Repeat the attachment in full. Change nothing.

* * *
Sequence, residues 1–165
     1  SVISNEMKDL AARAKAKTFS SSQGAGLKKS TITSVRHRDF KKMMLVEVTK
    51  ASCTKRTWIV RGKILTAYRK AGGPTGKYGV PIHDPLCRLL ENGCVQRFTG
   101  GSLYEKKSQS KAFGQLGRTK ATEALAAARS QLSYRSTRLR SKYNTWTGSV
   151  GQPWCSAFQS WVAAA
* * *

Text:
Sequence, residues 1–165
     1  SVISNEMKDL AARAKAKTFS SSQGAGLKKS TITSVRHRDF KKMMLVEVTK
    51  ASCTKRTWIV RGKILTAYRK AGGPTGKYGV PIHDPLCRLL ENGCVQRFTG
   101  GSLYEKKSQS KAFGQLGRTK ATEALAAARS QLSYRSTRLR SKYNTWTGSV
   151  GQPWCSAFQS WVAAA